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African Swine Flu

African Swine Flu: Why in news?


  • Kerala confirms African Swine Flu at pig farm in Kottayam district.
  • The virus infection was confirmed after samples taken from the farm were tested at the National Institute of High-Security Animal Diseases in Bhopal.
  • A one-kilometer stretch around the farm has been declared infected where 48 pigs have been culled as a preventive measure. A ten-kilometer radius around the farm is being closely monitored.


African Swine Flu: Background


  • Since emerging from East Africa in the early 1900s, African Swine Fever has moved through sub-Saharan Africa and has been reported in 32 countries since 2005.
  • 2022 has seen the disease detected worldwide including in India.
  • The disease has reached multiple countries across Asia, the Caribbean, Europe, and the Pacific, affecting both domestic and wild pigs.


African Swine Flu: What is African Swine Flu (ASF)?


  • ASF is a severe viral disease that affects wild and domestic pigs typically resulting in an acute haemorrhagic fever.
  • The disease has a case fatality rate (CFR) of about 100 percent.
  • Its routes of transmission include direct contact with an infected or wild pig (alive or dead), indirect contact through ingestion of contaminated material such as food waste, feed or garbage or through biological vectors such as ticks.
  • The disease is characterised by the sudden deaths of pigs.
  • Other manifestations of the disease include high fever, depression, anorexia, loss of appetite, haemorrhages in the skin, vomiting and diarrhoea among others.
  • It is important that determination of ASF is made through laboratory testing and it is differentiated from Classical Swine Fever (CSF), whose signs may be similar to ASF, but is caused by a different virus for which a vaccine exists.
  • Even so, while ASF is lethal, it is less infectious than other animal diseases such as foot-and-mouth disease.
  • But as of now, there is no approved vaccine, which is also a reason why animals are culled to prevent the spread of infection.


African Swine Flu: Is it threatful for Humans?


  • African Swine Flu is not a zoonotic disease. It will not spread from pigs to other animals or human beings.
  • Even though the disease is highly contagious it is not a threat to humans as it can not be transmitted from animals to humans.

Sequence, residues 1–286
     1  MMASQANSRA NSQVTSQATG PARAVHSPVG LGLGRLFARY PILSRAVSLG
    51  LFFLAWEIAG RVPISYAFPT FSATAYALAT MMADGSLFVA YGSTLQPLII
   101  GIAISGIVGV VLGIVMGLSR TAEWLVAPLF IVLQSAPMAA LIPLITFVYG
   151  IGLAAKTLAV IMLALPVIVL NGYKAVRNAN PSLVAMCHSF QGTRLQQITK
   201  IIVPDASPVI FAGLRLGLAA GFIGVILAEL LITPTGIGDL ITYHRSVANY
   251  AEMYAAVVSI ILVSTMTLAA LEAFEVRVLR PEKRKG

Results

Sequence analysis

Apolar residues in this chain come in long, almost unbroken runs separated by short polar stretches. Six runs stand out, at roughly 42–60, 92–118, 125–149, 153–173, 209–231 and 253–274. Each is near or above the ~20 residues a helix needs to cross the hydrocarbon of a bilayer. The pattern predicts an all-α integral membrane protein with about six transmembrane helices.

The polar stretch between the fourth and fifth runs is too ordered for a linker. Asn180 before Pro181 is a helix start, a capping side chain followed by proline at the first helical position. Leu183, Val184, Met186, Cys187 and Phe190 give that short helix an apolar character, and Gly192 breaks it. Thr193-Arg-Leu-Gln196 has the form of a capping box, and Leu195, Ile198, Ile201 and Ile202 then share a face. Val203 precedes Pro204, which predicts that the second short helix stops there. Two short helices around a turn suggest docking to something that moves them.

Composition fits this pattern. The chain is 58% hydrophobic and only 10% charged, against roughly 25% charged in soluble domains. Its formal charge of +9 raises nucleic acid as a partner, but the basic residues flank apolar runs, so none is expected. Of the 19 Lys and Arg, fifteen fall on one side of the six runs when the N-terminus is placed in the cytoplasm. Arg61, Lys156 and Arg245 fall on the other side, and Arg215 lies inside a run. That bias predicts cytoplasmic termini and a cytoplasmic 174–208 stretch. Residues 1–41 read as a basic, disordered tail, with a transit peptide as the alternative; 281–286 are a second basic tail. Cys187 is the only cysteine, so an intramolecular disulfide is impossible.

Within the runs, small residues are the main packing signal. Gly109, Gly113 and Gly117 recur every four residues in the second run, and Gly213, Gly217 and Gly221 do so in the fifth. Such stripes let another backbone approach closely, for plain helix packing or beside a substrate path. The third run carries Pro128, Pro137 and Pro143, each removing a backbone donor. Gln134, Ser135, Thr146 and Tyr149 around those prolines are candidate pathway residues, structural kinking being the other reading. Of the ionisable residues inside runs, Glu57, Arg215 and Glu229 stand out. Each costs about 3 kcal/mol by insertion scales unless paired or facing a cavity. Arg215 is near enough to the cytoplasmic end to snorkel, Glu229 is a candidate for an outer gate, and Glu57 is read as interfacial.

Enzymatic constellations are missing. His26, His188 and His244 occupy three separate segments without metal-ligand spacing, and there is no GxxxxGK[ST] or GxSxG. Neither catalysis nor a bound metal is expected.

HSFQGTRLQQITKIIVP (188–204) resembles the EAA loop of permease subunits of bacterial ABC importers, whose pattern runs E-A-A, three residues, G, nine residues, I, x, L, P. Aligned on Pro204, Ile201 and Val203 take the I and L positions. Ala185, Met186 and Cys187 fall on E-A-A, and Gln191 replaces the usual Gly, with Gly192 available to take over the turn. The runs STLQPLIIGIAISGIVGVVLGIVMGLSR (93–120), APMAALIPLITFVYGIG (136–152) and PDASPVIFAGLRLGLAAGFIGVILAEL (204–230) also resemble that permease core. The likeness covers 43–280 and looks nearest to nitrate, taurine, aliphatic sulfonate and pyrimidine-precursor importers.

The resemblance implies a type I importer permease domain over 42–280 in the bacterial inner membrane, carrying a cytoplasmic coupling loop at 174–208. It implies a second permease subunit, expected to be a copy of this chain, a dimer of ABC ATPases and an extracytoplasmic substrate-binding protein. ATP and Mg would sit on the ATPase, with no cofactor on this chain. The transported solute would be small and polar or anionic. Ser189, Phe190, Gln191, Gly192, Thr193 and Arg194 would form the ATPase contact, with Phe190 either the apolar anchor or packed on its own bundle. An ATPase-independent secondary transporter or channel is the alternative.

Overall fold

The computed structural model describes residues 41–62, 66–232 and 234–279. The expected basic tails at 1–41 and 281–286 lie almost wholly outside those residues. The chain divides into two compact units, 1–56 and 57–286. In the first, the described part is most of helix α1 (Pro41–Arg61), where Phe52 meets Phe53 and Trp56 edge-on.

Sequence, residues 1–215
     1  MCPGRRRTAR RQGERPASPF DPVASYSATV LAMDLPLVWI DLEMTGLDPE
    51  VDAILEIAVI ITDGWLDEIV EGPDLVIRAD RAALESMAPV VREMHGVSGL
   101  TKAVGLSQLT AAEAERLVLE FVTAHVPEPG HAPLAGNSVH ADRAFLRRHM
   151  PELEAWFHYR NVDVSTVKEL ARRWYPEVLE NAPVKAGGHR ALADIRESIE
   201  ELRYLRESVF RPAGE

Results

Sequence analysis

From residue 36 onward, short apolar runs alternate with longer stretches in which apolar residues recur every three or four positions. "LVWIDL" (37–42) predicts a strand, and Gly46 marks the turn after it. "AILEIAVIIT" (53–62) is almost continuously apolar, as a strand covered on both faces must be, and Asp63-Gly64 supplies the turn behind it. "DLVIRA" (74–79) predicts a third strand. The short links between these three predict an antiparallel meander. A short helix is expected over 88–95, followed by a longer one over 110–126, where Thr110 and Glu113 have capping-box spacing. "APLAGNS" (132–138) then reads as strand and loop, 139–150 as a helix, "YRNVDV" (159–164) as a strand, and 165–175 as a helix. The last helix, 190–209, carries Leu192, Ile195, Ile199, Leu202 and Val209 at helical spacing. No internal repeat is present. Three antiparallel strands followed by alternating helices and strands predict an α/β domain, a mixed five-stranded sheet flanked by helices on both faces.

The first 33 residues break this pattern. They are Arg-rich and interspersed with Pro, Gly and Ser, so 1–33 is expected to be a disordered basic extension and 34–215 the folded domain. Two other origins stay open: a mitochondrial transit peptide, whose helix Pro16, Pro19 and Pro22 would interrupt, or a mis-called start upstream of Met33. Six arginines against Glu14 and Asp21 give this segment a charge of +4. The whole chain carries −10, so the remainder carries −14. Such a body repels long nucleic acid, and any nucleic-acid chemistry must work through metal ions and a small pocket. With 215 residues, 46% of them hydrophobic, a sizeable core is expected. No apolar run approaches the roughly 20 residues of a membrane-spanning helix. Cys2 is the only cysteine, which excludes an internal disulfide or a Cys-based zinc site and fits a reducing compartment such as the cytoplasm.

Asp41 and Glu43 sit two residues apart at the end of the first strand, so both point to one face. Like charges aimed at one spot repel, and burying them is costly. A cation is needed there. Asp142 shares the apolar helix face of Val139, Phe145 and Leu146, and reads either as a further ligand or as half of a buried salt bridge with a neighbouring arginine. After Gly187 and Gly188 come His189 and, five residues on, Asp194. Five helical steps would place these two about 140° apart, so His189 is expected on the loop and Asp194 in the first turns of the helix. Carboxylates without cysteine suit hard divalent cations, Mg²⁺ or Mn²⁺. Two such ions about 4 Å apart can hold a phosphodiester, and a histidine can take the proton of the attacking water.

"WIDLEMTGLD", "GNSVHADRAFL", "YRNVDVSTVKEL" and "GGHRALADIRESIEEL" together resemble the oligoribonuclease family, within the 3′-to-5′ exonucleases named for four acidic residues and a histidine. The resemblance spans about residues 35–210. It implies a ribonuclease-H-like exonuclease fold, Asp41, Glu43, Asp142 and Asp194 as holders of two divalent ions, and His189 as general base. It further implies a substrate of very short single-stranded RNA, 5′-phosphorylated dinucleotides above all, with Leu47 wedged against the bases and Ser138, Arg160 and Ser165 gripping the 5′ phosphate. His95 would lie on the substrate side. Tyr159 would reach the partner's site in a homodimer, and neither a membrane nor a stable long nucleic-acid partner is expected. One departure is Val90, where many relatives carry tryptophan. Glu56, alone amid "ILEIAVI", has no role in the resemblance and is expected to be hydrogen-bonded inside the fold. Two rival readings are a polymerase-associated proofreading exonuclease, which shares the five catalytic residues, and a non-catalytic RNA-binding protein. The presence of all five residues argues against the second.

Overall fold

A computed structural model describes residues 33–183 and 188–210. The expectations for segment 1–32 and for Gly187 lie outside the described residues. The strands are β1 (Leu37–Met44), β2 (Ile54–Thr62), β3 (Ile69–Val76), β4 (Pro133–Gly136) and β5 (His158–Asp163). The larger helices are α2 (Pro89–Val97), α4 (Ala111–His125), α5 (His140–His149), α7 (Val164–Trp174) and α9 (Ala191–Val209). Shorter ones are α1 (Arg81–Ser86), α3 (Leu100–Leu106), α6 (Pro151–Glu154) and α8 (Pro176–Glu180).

• The disease can only spread from one pig to another.


African swine flu: A threat to food security and biodiversity


  • Pigs are a primary source of household income in many countries.
  • The spread of ASF across the world has devastated family-run pig farms, often the mainstay of people’s livelihoods and a driver of upward mobility.
  • It has also reduced opportunities to access healthcare and education.
  • Moreover, pork meat is one of the primary sources of animal proteins, accounting for more than 35% of the global meat intake.
  • Hence, this disease poses a serious problem for food security worldwide.
  • This disease is also a concern for biodiversity and the balance of ecosystems, as it affects not only domestic farmed pigs, but also wild boars, including native breeds.


African Swine Flu: Measures to Control ASF spread


  • During outbreaks and in affected countries, controlling the spread of African swine fever can be difficult and must be adapted to the specific epidemiological situation.
  • General sanitary measures that may be implemented include:
    • early detection and humane killing of animals (with proper disposal of carcasses and waste),
    • thorough cleansing and disinfection,
    • zoning/compartmentalisation and movement controls,
    • surveillance and detailed epidemiological investigation, and
    • strict biosecurity measures on farms.

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